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Intel IFS Ready To Weed Out Faulty Silicon With Linux 6.2

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  • Intel IFS Ready To Weed Out Faulty Silicon With Linux 6.2

    Phoronix: Intel IFS Ready To Weed Out Faulty Silicon With Linux 6.2

    The x86/microcode changes that were merged this week into the Linux 6.2 kernel address prior shortcomings with the Intel In-Field Scan (IFS) driver so it's now deemed ready to help in spotting out faulty silicon across a fleet of systems in production or prior to commissioning new hardware...

    https://www.phoronix.com/news/Linux-6.2-x86-Microcode

  • #2
    This sounds good, but I have a nagging sense that it could've been at least partly motivated by SDDS (the new On-Demand capability that Intel added for unlocking CPU features by installing keys). You'd want to be able to test whether a given feature (still) works on your CPU, before buying a key to unlock it.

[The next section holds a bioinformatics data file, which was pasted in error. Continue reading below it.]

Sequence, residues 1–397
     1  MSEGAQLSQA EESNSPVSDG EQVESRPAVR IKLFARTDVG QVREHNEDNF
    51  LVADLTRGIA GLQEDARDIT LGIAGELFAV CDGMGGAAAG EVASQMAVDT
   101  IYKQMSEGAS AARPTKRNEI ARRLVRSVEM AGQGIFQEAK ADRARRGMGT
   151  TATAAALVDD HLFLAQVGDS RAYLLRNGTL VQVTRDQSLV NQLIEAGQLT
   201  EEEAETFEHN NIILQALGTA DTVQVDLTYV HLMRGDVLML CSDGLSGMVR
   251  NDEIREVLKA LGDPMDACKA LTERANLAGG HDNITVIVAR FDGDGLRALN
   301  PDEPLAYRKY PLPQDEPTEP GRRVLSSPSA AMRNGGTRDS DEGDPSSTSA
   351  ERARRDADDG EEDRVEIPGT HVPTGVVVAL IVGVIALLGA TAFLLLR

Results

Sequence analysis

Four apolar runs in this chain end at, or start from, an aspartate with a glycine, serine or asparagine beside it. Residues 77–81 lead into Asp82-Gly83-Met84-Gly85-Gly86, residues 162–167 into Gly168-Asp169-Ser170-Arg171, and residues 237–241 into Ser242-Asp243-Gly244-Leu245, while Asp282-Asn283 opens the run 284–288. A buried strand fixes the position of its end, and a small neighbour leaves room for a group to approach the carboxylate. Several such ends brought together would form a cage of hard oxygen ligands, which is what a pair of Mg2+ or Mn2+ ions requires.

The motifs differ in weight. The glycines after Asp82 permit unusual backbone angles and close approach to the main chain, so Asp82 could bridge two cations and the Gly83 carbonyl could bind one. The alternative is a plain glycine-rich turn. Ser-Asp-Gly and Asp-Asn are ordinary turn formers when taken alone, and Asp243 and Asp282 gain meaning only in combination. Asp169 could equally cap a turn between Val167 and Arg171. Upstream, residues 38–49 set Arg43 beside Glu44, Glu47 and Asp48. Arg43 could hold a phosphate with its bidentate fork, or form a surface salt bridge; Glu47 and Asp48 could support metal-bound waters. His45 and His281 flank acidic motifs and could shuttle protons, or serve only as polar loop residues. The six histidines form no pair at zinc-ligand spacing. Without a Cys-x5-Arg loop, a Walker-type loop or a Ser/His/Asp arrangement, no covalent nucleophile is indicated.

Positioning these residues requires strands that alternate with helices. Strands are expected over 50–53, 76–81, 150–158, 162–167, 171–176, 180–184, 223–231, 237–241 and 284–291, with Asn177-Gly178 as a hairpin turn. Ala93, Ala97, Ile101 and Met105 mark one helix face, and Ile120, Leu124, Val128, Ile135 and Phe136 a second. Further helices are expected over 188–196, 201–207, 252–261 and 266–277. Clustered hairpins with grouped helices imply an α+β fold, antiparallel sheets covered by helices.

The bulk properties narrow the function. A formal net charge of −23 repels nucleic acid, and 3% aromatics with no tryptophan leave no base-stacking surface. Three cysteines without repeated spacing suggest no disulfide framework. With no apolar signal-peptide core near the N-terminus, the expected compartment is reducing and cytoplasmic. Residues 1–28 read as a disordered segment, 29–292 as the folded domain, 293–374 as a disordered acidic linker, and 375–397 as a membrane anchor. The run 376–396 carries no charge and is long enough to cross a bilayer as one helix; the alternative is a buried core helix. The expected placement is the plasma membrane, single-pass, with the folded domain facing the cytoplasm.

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    • #3
      This article should have a disambiguing section to differentiate between IFS and IFS the Interplanetary File System. It may send unsuspecting readers down a rabbit hole...

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      • #4
        Originally posted by lowflyer View Post
        This article should have a disambiguing section to differentiate between IFS and IFS the Interplanetary File System. It may send unsuspecting readers down a rabbit hole...
        Wasn't the latter abbreviated as IPFS?

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        • #5
          Originally posted by coder View Post
          This sounds good, but I have a nagging sense that it could've been at least partly motivated by SDDS (the new On-Demand capability that Intel added for unlocking CPU features by installing keys). You'd want to be able to test whether a given feature (still) works on your CPU, before buying a key to unlock it.
          Software Defined Silicon (SDSi) is what you were going with SDDS. If the presentation over SDSi by intel is to believed they started with Intel In-Field Scan (IFS). Of course if in-field scan found defect then comes the problem of how to turn the defective part off.